Google is planning to offer up its Maps application to iOS users, according to a new report.
The Guardian reported last night, citing sources, that Google is working on an application that will be available through Apple's App Store. That application will likely deliver the same Google Maps experience users had in previous versions of iOS.
Apple sent shockwaves through the mobile space earlier this year after announcing that it was removing Google Maps from iOS 6 and replacing it with its own Maps program. After iOS 6 launched earlier this week, Apple's software was quickly criticized for a host of errors and omissions, including missing cities, duplicated islands, and more.
That Google is working on a Maps application for iOS 6 seems to make sense. What doesn't make sense, though, are the rampant reports running across the Web suggesting Apple already has the Google Maps application in hand and might be slow to approve it.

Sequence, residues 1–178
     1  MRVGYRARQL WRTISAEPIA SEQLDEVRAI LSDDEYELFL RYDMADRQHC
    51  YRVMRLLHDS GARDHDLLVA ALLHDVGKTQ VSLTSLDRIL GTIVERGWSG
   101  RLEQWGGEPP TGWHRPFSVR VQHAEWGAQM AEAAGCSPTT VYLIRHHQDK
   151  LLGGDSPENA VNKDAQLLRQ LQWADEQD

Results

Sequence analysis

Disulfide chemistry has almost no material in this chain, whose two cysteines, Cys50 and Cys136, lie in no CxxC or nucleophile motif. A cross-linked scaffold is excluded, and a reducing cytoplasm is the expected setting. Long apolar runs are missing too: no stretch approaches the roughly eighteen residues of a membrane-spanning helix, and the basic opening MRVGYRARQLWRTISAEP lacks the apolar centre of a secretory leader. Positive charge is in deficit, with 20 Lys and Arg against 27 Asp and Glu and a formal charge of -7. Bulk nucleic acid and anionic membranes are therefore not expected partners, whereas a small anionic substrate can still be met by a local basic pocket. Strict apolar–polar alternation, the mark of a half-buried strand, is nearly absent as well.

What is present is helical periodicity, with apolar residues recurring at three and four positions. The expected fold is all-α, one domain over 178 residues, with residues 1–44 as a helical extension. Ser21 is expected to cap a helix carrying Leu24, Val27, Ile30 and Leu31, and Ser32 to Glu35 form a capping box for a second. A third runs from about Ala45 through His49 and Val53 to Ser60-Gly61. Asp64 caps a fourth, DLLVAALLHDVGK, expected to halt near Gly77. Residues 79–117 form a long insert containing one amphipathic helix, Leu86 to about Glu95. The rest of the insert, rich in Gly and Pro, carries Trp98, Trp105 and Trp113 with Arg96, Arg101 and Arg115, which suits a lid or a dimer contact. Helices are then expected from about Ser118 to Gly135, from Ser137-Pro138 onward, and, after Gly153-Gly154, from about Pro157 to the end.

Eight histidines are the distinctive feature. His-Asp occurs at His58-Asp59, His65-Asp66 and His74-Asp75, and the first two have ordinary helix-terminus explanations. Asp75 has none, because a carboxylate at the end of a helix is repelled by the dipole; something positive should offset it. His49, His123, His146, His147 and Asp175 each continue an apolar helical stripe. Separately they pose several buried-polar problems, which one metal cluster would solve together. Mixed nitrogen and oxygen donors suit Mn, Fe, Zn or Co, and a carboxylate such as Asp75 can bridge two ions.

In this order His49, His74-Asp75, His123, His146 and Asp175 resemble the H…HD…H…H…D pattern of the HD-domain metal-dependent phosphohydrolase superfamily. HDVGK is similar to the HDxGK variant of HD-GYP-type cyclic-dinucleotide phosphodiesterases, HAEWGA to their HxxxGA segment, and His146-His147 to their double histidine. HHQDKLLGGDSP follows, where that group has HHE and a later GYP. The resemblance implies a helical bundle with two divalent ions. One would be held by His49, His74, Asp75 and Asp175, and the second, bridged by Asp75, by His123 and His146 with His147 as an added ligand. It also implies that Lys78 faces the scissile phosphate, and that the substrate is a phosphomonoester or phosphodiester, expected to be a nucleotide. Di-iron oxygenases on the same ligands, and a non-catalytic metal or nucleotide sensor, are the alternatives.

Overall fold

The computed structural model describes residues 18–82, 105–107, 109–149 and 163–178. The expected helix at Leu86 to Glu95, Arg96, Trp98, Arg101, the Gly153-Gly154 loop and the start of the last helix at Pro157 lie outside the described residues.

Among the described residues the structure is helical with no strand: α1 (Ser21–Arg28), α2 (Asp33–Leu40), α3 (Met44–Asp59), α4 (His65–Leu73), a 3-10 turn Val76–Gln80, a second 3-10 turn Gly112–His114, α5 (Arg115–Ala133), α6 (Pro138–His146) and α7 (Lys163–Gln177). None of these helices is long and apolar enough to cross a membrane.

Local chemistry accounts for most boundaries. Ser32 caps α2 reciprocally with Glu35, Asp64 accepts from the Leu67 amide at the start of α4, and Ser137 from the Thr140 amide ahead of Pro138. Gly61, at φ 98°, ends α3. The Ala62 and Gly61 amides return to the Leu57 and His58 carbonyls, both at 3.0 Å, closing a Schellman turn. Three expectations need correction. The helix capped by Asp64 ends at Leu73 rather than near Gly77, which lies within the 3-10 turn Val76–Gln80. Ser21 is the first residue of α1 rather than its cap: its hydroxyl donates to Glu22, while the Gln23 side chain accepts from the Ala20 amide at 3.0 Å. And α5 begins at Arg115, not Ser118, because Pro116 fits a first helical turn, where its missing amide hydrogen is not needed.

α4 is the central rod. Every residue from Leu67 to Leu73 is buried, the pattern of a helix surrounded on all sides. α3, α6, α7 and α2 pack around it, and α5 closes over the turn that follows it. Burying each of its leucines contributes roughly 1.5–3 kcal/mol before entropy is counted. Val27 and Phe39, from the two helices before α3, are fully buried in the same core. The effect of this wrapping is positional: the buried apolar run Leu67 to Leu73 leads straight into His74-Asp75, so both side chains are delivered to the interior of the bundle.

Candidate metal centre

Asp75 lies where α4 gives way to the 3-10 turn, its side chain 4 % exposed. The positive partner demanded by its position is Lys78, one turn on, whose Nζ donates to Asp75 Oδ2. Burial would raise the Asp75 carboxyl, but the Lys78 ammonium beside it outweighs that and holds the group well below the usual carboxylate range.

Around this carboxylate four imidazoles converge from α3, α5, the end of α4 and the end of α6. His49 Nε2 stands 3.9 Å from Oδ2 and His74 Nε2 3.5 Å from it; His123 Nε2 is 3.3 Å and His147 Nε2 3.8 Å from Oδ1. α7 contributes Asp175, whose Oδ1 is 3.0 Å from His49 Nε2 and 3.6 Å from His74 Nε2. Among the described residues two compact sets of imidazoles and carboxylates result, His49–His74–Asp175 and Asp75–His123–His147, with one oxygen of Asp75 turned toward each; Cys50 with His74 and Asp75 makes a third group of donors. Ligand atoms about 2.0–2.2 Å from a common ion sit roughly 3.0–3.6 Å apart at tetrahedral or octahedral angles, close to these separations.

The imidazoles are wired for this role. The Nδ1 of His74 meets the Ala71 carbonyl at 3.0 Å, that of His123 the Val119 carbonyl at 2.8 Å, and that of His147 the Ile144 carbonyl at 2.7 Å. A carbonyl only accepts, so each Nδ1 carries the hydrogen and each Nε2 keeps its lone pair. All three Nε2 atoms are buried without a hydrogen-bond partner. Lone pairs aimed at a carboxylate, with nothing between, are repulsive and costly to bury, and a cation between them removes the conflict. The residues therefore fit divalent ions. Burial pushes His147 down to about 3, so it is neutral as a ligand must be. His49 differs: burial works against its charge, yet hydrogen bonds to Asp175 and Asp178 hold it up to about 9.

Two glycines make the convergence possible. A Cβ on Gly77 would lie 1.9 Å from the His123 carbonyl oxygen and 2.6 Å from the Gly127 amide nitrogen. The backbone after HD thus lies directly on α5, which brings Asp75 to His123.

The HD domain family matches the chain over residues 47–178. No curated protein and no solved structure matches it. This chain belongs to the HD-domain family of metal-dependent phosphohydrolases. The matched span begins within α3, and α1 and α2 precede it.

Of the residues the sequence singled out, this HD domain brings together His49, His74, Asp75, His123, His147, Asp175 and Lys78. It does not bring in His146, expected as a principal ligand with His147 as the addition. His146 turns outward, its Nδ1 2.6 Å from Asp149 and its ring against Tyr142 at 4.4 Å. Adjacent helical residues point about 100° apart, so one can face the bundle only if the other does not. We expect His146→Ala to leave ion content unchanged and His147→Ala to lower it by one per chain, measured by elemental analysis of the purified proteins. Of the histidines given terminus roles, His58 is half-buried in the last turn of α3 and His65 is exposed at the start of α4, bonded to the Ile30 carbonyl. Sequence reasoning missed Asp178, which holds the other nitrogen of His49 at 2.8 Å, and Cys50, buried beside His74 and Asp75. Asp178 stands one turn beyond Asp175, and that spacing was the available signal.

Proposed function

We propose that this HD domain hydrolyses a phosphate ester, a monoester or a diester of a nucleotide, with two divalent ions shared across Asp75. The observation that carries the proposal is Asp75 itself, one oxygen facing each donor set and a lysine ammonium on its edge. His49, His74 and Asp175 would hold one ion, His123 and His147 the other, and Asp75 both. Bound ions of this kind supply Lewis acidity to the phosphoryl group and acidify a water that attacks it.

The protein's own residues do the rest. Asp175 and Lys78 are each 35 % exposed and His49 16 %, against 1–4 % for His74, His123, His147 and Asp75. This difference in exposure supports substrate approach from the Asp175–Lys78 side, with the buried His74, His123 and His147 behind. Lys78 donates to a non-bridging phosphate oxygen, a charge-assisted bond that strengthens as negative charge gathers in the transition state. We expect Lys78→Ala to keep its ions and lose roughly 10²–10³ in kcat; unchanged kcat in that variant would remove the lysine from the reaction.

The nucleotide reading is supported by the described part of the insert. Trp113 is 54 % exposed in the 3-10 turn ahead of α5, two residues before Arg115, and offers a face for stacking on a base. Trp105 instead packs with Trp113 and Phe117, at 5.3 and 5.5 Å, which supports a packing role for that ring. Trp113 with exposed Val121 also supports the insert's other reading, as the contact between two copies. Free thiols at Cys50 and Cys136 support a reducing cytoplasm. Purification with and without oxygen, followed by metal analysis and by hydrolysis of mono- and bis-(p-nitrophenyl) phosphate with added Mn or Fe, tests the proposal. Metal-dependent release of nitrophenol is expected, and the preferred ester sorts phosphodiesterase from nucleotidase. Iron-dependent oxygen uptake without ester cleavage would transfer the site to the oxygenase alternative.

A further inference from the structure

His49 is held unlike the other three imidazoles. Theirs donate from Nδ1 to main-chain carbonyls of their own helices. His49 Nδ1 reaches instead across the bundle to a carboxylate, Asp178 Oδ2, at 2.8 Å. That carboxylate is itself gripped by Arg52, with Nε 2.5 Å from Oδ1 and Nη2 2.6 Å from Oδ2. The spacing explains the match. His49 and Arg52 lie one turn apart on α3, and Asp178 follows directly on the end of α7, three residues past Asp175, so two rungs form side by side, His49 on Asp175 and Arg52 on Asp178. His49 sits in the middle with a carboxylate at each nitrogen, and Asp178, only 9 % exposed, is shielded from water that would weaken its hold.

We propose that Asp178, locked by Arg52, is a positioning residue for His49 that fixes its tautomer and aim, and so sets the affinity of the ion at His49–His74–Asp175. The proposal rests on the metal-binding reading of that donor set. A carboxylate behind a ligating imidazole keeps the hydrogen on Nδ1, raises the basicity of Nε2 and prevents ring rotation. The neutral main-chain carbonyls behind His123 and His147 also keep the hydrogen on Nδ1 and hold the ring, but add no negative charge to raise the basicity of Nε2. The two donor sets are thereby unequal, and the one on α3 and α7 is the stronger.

The suggestion came from a tweet sent out yesterday by developer Steve Stroughton-Smith, who said that the Guardian's report "suggests they've heard that Google already submitted a Maps app to coincide with iOS 6." The developer then added a "yep," seeming to indicate that Google had, in fact, submitted the program to Apple. The Loop's Jim Dalrymple yesterday responded to that claim with a simple "nope," hinting that his sources have said Google hasn't submitted the program.
What's interesting about the debate is that the Guardian's report doesn't explicitly say that the application has been submitted to Apple. In fact, all the news outlet says is that Google is "preparing" the app. The report goes on to say that there might be "questions over whether Apple will approve it in the App Store," but that provides no evidence that the application has even been submitted to the iPhone maker.
Apple site 9to5Mac chimed in on the confusion, saying that its sources have confirmed an updated version of Google Maps is "awaiting approval" from Apple.
So, who's right? So far, neither Apple nor Google has offered up a statement on the matter. CNET has contacted both companies for comment, and we will update this story when we have more information.